Union leader and Kent, WA Local 1747 member Terry McCartin, 62, is hanging up his turnout gear after more than 43 years on the job.
Because McCartin grew up along a major fire department response route in Bellingham, Washington, he watched fire apparatus pass his home every day. “That was all it took for me. I never wanted to do anything else,” he said.
Shortly after graduating high school, McCartin attended the local fire academy and joined the fire department and Kent Local 1747 in 1980.
As a fire fighter, McCartin always looked for ways to improve his skills and eventually rose through the ranks, serving 13 of his 43 years in the fire service in the fire prevention department. He retired as a captain at Fire Station 72.
“I went on several memorable calls, but the one that really sticks out was a five-alarm apartment complex fire. It was during my tenure in the fire prevention office, but I was still dispatched on the call,” said McCartin. “It turned out to be the apartments I lived in while I was in rookie school. It’s always sad when we lose a residence or apartment complex to fire, but it hits differently when the place [is somewhere you have lived].”
During his career, McCartin was very active within the union, holding many offices, including shift trustee, secretary, and vice president. But it was in his capacity as the local’s Political Action Committee (PAC) chair that he was able to have the most impact.
“Thanks to his influential relationships with elected officials, our local members enjoy one of the most desirable wage and benefit packages in the state. He was also influential in the creation of the Puget Sound Regional Fire Authority and the implementation of a permanent fire benefit charge,” said Local 1747 President Keven Rojecki. “Local 1747 members are grateful for everything he has done and wish him a happy, healthy retirement.”
McCartin’s efforts in the creation of the regional fire authority were instrumental in giving the fire department more say in budgetary matters. Regional fire authorities are managed by their own governance board and funded by a percentage of property taxes and a fire benefit charge.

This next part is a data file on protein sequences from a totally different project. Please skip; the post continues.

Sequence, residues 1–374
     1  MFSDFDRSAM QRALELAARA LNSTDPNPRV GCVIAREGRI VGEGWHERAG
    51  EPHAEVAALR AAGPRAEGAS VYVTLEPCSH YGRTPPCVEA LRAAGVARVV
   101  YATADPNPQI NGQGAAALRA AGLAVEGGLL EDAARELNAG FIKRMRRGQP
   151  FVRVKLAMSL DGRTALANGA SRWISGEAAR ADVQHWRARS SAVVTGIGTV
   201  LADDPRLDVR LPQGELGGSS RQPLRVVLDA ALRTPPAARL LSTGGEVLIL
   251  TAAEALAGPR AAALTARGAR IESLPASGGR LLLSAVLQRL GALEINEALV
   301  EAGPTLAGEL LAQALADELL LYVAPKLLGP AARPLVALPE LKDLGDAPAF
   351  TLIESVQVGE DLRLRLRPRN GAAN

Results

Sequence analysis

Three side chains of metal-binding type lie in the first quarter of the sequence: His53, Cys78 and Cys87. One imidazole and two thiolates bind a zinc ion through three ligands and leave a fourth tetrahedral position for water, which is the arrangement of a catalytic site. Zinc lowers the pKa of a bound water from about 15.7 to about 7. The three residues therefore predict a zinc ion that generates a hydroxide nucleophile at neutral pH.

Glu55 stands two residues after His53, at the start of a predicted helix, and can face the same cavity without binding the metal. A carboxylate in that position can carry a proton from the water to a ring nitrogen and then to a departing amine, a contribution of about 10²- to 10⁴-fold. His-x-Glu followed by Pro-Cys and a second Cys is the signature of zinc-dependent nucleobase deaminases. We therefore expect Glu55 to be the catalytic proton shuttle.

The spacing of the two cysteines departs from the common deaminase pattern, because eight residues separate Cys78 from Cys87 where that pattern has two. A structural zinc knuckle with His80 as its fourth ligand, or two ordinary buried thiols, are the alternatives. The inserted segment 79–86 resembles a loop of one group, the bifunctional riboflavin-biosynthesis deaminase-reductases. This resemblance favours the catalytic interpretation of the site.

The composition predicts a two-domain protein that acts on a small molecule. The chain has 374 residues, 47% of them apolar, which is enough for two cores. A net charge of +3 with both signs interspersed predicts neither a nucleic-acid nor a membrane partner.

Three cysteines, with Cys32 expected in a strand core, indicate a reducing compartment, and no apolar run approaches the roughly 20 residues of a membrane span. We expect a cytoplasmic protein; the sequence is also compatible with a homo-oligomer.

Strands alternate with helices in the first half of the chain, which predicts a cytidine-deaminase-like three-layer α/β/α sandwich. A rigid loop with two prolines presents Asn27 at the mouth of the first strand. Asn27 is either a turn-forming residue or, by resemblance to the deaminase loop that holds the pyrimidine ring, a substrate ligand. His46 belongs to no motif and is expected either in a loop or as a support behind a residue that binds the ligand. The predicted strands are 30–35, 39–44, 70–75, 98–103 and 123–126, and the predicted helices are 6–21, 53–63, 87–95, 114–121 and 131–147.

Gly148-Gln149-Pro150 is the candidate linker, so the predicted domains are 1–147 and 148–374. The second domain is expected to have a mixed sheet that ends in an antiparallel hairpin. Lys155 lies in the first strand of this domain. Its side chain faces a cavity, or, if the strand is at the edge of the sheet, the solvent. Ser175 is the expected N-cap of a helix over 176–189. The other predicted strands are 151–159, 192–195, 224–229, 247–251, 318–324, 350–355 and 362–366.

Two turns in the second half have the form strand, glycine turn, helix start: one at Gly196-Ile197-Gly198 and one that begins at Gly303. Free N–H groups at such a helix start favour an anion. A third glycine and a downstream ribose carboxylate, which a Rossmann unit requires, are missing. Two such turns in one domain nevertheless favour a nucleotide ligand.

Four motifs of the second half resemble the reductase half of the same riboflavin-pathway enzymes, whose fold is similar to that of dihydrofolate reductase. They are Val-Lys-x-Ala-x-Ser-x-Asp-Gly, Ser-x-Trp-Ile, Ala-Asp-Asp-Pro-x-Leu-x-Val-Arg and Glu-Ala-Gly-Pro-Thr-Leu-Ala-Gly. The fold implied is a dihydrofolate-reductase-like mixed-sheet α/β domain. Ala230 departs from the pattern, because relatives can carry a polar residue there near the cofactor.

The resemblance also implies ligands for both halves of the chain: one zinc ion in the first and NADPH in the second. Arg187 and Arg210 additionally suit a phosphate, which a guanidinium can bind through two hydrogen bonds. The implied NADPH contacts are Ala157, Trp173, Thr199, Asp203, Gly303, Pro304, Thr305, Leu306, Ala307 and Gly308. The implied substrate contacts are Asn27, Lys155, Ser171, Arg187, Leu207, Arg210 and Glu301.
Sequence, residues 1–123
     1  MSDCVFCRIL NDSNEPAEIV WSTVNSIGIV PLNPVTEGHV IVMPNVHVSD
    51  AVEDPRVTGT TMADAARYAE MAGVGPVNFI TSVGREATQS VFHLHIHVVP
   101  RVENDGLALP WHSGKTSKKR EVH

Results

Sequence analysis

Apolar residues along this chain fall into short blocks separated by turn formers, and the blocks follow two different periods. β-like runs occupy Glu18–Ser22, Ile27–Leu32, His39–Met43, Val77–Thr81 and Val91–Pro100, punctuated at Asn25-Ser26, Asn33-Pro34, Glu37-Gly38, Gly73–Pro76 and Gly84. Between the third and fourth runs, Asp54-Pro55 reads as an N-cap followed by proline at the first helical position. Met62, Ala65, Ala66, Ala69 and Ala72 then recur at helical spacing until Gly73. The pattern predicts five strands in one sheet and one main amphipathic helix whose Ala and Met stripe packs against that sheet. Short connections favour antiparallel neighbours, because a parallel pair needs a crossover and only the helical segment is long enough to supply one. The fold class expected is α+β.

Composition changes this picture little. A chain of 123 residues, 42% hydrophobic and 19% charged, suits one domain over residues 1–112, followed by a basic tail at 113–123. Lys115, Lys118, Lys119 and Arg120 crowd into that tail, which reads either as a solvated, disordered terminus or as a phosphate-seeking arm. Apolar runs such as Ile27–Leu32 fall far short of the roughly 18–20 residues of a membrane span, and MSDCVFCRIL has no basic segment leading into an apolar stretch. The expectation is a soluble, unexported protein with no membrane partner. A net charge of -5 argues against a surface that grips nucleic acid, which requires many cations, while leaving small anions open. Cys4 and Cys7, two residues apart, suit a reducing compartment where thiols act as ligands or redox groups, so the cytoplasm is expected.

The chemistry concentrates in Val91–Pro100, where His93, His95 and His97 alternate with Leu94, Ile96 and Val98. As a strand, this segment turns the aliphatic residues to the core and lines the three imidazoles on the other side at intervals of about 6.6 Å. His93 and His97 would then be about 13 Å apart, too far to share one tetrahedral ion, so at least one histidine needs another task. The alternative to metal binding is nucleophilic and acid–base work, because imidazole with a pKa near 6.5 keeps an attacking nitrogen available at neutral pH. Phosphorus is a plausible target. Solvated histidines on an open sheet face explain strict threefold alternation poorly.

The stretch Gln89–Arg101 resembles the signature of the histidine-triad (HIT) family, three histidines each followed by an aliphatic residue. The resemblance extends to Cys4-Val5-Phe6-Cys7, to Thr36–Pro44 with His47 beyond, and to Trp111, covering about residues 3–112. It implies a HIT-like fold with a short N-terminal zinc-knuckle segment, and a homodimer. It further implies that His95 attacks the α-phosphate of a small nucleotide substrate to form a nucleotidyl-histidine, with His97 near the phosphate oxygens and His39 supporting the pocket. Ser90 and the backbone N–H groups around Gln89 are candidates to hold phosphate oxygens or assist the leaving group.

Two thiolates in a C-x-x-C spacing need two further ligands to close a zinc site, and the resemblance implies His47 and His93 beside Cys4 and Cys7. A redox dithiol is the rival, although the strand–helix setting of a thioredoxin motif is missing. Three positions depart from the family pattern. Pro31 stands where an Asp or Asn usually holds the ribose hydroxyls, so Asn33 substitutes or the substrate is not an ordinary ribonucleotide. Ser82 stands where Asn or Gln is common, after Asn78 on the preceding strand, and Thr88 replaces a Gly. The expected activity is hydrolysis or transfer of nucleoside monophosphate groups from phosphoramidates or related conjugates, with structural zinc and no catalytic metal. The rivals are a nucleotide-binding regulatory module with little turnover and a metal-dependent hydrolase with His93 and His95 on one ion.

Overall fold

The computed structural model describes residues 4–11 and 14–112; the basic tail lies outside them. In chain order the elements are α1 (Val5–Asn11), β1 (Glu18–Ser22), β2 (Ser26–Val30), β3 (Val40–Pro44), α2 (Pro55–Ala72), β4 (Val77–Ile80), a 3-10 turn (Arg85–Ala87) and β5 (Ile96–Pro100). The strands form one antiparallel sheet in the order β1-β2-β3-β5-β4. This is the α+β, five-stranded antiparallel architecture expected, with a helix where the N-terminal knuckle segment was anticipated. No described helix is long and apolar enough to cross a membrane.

He also played a crucial role in guaranteeing a consistent revenue stream for the fire authority by successfully campaigning for voters to renew the fire benefits charge every six years. And when the state legislature passed a law enabling a permanent benefits charge, McCartin successfully petitioned voters in 2021 to support its permanence, eliminating the need for reauthorization in the future.
In June 2023, McCartin was recognized for all of his contributions with the Ricky J. Walsh Fully Involved Award at the Washington State Council of Fire Fighters convention. The award honors those who have proven their commitment and placed others before themselves by dedicating time and energy to enhancing the value of their union.
“I can think of no one more worthy of recognition than Brother McCartin,” said 7th District Vice President and award namesake Ricky Walsh. “From his first day of the job, he stayed dedicated to the profession and his fellow union members. On behalf of the 7th District, thank you for all you have done and congratulations on a well-deserved retirement.”
General President Edward Kelly recognized McMartin’s longtime commitment to the fire service.
“After more than four decades of service, Brother McCartin is well-deserving of a happy retirement,” Kelly said. “We are grateful for his service to our brothers and sisters on the job and wish him all the best. Thank you for a job well done.”